Allotment of Shares

01/03/2020 0 By indiafreenotes

Rules Regarding Allotment of Shares:

The following rules regarding allotment of shares are noted:

(a) Application Form:

A prospectus is an invitation to the public to purchase shares. Naturally, the intending purchaser has to apply in a prescribed form (given in the prospectus) for the purpose which is known as ‘application form’.

Needless to mention that the prospectus fixes the time when the application will be opened and the allotment will be made. Letter of allotment should be sent to the applicant of shares after the allotment is made.

(b) Offer and Acceptance:

We know that membership of a company after purchasing shares is nothing but a contract. The application form which is given by the members is the ‘offer’ and allotment by directors is the ‘acceptance’ of that ‘offer’ and, similarly, the notice of acceptance which is sent is the ‘acceptance of the offer.’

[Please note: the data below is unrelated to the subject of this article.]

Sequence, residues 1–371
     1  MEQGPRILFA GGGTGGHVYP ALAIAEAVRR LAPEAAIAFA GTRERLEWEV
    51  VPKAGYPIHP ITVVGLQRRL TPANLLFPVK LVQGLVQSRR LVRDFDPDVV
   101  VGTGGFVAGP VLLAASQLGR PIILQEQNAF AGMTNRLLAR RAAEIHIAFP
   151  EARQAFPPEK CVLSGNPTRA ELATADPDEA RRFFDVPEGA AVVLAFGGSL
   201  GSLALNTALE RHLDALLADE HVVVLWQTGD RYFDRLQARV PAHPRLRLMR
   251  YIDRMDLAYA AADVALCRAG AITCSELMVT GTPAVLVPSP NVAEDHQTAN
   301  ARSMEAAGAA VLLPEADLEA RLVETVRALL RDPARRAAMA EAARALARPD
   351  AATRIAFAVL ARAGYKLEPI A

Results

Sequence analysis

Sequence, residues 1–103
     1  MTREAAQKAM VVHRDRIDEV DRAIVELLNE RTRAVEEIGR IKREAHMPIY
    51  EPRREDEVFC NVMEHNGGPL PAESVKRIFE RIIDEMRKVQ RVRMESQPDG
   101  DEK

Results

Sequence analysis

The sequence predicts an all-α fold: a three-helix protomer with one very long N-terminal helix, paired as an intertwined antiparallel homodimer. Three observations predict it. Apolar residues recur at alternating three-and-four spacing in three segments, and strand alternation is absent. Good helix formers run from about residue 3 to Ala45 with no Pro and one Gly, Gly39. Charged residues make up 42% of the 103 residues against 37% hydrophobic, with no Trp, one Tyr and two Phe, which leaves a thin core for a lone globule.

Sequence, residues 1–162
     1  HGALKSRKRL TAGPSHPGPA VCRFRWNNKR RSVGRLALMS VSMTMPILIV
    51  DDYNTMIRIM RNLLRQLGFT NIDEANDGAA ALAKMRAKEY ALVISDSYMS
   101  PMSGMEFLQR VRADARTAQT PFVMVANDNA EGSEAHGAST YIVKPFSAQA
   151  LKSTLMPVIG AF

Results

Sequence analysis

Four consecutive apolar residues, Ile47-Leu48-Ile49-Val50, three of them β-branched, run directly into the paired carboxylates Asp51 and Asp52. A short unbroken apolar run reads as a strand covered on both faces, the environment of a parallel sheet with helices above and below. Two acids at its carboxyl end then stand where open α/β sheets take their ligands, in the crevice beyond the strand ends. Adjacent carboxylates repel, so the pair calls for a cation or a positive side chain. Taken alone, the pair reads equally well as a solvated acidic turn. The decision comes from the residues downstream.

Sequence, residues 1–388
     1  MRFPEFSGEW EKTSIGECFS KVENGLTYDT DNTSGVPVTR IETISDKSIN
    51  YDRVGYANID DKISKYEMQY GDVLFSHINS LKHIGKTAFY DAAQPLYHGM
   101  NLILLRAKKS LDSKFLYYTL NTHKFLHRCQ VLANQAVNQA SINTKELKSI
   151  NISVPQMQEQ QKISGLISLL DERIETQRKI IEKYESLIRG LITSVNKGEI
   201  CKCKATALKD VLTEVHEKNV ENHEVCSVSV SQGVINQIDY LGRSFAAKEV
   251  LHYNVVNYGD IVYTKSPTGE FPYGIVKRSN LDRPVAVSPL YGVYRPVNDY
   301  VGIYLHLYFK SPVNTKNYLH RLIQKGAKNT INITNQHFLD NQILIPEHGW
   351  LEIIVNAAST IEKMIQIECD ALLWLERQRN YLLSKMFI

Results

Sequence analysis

(c) Conditional offer and Acceptance for ‘Offer’:

Usually, the conditions are printed in the application form, e.g., in case of over-subscription of shares, shares will be allotted on pro-rata basis etc. Conditions for acceptance is practically invalid.

(d) Proper Authority:

It should be remembered that allotment of shares should always be made by the proper authority e.g., by the board of directors, and allotment made without proper authority is void. Although allotment can be delegated to some persons if the Articles so provide.

(e) Reasonable Time:

After receiving the application form allotment should be made as soon as possible by the directors i.e., within a reasonable time. Otherwise, applications for ‘offer’ will be revoked if such reasonable time expires.

(f) Fictitious Name:

Sec. 68A states that any person who